Upon reviewing the National Archive files for Chan Kee and Ng Hoong Low, it was interesting to see the amount of effort that was put forth in policing the laws governing Chinese immigrants. To obtain entry into the country, they were subjected to a series of tests and had to possess enough resources to be considered a successful candidate for immigration. Whether it was the requirement that Chinese immigrants provide proof that they were free of trachoma, or the requirement that they show evidence that they had available financial means to support themselves, the far-reaching authority of immigration officials was astounding. The amount of remote control imposed in other countries also shows the far-reaching arm of the United States government and the amount of determination and review put into monitoring immigrants, in particular Chinese immigrants. These cases revealed the extent to which local bureaucrats were also involved in the process by reporting potential illegal immigrants and admitting testimony in those cases. This proves that the law was weighted in favor of those who possessed acceptable resources and forms of capital that the United States government deemed an asset to participation in the United States economy – especially in the cases of Chinese immigrants who were barred from naturalizing as citizens.
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Type
Exhibition caption
Relationship
Forms part of
Name
Letter from Inspector TJ Molloy dated July 16, 1936 [page 2 of 2]
Detail
In this document, the place where Ng was taken into custody is mentioned. It also illustrates the amount of documentation and time that was put into each case and details Inspector Molloy’s investigation and how an immigrant’s status could be investigated from a complaint filed by a public health official.
AssociatedObject
Type
Placement in digital exhibition
Relationship
Forms part of
Name
19
TypeOfResource
StillImage
TitleInfo
Title
Letter from Inspector TJ Molloy dated July 16, 1936 [page 2 of 2]
Subject (authority = local)
Topic
Chinese Exclusion Act (1882)
Subject (authority = LCSH)
Topic
Chinese Americans
Subject (authority = LCSH)
Topic
Immigrants
Subject
HierarchicalGeographic
Country
UNITED STATES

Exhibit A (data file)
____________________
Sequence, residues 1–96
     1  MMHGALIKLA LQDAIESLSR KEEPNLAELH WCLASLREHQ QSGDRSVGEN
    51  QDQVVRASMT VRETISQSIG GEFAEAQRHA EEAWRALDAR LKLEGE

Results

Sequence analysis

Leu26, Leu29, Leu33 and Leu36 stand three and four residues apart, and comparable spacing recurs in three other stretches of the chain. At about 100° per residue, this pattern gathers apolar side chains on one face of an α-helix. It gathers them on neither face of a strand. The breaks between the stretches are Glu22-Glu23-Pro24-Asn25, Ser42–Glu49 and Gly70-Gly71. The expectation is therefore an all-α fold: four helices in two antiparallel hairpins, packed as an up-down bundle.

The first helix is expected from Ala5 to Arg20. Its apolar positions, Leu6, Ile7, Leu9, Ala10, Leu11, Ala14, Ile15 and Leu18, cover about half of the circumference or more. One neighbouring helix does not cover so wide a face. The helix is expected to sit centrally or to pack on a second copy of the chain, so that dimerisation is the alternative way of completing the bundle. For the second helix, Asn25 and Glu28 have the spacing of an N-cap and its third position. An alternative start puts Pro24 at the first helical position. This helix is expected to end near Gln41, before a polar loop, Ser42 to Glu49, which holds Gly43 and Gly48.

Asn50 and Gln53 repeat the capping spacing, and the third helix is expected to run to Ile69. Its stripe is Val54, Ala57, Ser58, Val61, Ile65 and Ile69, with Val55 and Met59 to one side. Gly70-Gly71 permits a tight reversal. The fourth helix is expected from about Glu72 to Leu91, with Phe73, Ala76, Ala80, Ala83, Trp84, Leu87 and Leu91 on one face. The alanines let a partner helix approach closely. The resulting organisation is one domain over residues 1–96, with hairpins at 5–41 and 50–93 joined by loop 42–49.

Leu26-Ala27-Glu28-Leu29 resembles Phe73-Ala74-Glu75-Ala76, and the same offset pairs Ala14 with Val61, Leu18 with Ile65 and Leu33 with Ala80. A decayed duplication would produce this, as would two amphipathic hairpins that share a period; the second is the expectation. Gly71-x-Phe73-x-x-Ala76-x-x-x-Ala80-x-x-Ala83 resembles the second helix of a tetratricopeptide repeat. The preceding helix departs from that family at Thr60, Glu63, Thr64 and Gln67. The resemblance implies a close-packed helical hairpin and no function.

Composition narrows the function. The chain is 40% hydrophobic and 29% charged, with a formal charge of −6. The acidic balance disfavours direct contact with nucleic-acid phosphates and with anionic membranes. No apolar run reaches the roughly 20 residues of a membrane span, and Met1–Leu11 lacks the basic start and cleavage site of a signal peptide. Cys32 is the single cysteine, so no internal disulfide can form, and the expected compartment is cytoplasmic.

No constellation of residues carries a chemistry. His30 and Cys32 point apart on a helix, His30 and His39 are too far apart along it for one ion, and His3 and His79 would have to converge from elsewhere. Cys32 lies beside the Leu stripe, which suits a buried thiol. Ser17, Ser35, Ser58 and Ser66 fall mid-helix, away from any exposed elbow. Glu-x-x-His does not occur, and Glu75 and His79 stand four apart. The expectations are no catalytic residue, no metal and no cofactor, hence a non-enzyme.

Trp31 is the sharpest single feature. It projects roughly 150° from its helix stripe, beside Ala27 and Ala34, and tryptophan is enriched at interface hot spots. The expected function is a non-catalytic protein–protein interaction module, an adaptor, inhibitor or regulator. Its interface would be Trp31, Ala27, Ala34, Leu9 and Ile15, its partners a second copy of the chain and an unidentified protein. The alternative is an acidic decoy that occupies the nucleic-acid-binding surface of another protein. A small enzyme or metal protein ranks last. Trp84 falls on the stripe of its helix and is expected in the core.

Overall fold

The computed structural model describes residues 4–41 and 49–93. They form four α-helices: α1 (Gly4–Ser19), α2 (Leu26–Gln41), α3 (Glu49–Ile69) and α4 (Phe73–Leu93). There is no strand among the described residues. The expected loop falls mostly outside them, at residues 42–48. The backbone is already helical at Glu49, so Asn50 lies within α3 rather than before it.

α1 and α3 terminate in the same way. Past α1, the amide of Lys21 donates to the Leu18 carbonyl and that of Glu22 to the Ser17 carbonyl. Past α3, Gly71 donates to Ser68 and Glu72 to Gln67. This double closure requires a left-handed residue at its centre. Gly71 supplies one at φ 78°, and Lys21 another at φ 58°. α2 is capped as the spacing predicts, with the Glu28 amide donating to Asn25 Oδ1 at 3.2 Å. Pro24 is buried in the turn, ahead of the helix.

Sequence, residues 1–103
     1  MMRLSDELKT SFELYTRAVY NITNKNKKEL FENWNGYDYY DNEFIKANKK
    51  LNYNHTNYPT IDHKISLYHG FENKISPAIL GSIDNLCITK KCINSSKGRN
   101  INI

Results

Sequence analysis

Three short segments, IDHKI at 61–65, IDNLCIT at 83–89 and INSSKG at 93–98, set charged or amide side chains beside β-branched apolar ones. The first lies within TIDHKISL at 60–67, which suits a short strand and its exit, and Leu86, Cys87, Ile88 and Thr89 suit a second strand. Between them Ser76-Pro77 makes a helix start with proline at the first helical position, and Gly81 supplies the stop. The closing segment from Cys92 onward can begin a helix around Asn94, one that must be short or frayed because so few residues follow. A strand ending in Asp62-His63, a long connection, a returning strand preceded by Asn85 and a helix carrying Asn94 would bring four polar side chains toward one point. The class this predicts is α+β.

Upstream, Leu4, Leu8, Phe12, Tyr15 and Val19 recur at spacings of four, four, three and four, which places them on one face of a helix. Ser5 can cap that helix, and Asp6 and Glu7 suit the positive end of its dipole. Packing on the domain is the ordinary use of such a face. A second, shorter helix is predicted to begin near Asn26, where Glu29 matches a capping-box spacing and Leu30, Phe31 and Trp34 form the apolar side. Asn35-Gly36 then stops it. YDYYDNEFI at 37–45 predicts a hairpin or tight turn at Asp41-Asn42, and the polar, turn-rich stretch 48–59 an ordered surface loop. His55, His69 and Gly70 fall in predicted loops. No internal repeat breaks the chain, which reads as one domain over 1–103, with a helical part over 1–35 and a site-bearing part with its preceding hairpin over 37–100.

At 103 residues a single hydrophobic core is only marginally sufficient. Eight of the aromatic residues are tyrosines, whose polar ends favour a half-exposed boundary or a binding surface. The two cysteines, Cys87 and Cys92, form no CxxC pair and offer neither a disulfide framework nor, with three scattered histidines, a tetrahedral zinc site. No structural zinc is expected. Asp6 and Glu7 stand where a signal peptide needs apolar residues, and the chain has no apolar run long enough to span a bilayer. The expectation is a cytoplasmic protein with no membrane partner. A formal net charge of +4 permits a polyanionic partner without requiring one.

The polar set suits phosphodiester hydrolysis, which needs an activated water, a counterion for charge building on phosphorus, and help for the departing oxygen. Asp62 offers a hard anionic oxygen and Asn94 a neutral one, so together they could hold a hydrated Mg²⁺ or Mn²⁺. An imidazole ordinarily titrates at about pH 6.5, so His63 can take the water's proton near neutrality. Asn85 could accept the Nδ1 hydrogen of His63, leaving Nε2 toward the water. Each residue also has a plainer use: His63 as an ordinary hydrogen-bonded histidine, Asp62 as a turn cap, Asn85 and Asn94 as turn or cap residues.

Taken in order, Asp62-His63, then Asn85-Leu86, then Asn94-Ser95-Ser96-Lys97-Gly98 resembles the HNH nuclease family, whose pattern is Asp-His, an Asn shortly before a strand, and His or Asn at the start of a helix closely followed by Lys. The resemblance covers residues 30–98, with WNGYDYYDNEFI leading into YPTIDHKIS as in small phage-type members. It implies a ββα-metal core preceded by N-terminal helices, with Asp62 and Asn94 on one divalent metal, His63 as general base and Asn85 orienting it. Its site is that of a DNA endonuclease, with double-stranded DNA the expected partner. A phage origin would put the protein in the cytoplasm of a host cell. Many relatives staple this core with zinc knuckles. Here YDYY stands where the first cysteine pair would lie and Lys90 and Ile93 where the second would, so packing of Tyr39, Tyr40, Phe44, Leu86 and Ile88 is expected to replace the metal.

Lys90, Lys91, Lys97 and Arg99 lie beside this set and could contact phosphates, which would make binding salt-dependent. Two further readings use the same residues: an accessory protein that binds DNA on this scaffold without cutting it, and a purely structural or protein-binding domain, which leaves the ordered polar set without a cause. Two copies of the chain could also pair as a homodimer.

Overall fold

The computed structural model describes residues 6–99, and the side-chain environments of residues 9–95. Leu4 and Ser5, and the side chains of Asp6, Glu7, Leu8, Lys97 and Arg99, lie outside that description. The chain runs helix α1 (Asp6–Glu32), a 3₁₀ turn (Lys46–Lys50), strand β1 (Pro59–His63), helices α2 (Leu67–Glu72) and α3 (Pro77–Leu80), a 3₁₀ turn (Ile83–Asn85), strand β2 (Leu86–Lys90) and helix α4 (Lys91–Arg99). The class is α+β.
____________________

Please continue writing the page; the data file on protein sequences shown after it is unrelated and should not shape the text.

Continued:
State
New Jersey
PhysicalDescription
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application/pdf
InternetMediaType
image/x-djvu
InternetMediaType
image/jpeg
Name (type = personal)
NamePart (type = family)
Ng
NamePart (type = given)
Hoong Low
Role
RoleTerm (authority = marcrelator); (type = text)
Associated name
OriginInfo
DateIssued (encoding = w3cdtf); (keyDate = yes); (qualifier = exact)
1936-07-16
Genre (authority = AAT)
correspondence
Subject (authority = lcsh/lcnaf)
Geographic
United States--Emigration and immigration
Identifier (type = hdl)
http://hdl.rutgers.edu/1782.1/rucore00000002171.Document.000065314
RelatedItem (type = host)
TitleInfo
Title
Chinese Exclusion in New Jersey: Immigration Law in the Past and Present
Identifier (type = local)
rucore00000002171
Identifier (type = doi)
doi:10.7282/T3X63KVX
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Rights

RightsDeclaration (AUTHORITY = RU_Archives); (ID = RU_Archives_v2)
The copyright law of the United States (Title 17, U.S. Code) governs use of this work. You may make use of this resource, with proper attribution, in accordance with U.S. copyright law.
Copyright
Status
Public domain
Availability
Status
Open
Reason
US federal document
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Source

SourceTechnical
SourceType
Text or graphic (paper)
Extent (Unit = sheet(s))
1
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Technical

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application/x-tar
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Checksum (METHOD = SHA1)